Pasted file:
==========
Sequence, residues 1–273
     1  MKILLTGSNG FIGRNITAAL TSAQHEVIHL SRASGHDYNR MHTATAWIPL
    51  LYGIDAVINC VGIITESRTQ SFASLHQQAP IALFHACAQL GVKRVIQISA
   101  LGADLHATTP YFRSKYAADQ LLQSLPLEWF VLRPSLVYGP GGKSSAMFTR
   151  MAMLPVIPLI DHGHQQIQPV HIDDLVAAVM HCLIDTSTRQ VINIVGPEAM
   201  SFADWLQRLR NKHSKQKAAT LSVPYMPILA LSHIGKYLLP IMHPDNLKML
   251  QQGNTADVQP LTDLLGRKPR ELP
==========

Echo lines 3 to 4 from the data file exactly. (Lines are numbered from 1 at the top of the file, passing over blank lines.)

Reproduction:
    51  LYGIDAVINC VGIITESRTQ SFASLHQQAP IALFHACAQL GVKRVIQISA
   101  LGADLHATTP YFRSKYAADQ LLQSLPLEWF VLRPSLVYGP GGKSSAMFTR